The Russian government has a formal list of what it calls “undesirable organizations.” Any group on this list is said to threaten the country’s “basic constitutional order, its defense capability, or its state security.” When an organization becomes “undesirable,” it’s forced to shut down all operations in Russia, and its employees face criminal charges, if they don’t find new jobs. The heads of these organizations can go to prison for up to six years.
So far, the Russian authorities have registered just one organization on the “undesirables” list: the National Endowment for Democracy (NED), a US-Congress-funded nonprofit group. Russia’s Attorney General and Ministry of Foreign Affairs are responsible for determining which groups go on the list, which is itself hosted and enforced by the Ministry of Justice. (The list is available online here.)
Though they lack the legal power to make groups “undesirable,” Russian lawmakers have still tried to play a role in the process, petitioning the Attorney General and Justice Ministry to add more than a dozen other organizations. (Note to readers: one of the groups on lawmakers’ list is the Open Society Foundations, which funds RuNet Echo.) Groups of deputies in the Duma, the lower house of Russia’s parliament, have written letters, and a committee in the Federation Council, the parliament’s upper house, has drafted its own informal “stop-list.”
Yesterday, October 27, sources told the pro-Kremlin newspaper Izvestia that senators are preparing new additions to their “stop-list,” including the Ford Foundation (which closed its Moscow office in 2009), the Jamestown Foundation, and Mikhail Khodorkovsky’s new group Open Russia. Surprisingly, there’s also talk about adding ISIS, the militant group and self-proclaimed Islamic state and caliphate, which is already banned in Russia as an extremist organization.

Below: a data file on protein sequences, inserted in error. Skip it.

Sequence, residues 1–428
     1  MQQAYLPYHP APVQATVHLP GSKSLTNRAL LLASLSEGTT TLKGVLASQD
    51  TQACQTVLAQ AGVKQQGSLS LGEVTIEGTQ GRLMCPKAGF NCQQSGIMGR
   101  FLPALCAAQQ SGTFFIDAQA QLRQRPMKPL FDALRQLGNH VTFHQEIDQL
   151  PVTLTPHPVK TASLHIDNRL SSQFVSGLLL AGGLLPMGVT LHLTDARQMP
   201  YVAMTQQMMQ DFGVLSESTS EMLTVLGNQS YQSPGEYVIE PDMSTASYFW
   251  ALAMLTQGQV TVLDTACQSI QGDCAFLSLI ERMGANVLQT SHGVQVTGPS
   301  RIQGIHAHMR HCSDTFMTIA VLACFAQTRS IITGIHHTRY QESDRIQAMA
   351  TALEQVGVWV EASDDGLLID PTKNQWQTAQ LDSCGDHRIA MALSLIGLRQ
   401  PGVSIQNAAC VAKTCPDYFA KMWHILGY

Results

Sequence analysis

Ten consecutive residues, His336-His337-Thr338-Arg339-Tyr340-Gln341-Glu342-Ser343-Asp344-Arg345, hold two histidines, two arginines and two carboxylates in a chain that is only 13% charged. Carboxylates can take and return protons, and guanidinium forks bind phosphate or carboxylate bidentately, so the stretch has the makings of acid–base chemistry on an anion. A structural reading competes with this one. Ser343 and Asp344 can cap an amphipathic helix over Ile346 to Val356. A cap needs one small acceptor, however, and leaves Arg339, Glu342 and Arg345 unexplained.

Adding a jihadist group to a list mainly populated by US-led democracy-promotion organizations would send a powerful signal, equating to terrorism things like fellowships for activists and journalists.
The Federation Council’s “stop-list” doesn’t carry the power of law, however, and NED is still the only truly outlawed “undesirable” in Russia. Landing on the “stop-list,” though, is still gravely concerning to these groups, given senators’ claims that they’re working in close consultation with the Attorney General and other officials. If police did agree to ban any of the groups on the Senate’s list, it would be devastating to that organization’s civic efforts in Russia.
Facing this threat, you might expect the staff at these institutions to shy from the public eye and hope the authorities forget about them.
Open Russia’s Maria Baronova, who lives in Moscow and coordinates the organization’s projects on the ground there, is doing no such thing. Yesterday, she posed nude to promote her online ask-me-anything session with the website TheQuestion, where she parodied a recently-published NSFW nude photoshoot with Lesya Ryabtseva (a controversial figure at the radio station Echo of Moscow), and drew additional attention to the potentiality of her employer being outlawed alongside ISIS.
On Twitter, Baronova fielded several unserious questions about her nudity, but she also received a number of sincere queries about her political beliefs and the merits of civic activism in Russia today.
Given the possibility that her outfit could be added to a list with ISIS, it’s ironic that Baronova is rather hawkish on foreign policy issues, supporting Russia’s annexation of Crimea, placing significant blame on Kyiv for the “civil war” in eastern Ukraine, and sarcastically saying Russia’s intervention in Syria and return to Great Power politics is “cool.”
By Kevin Rothrock, Global Voices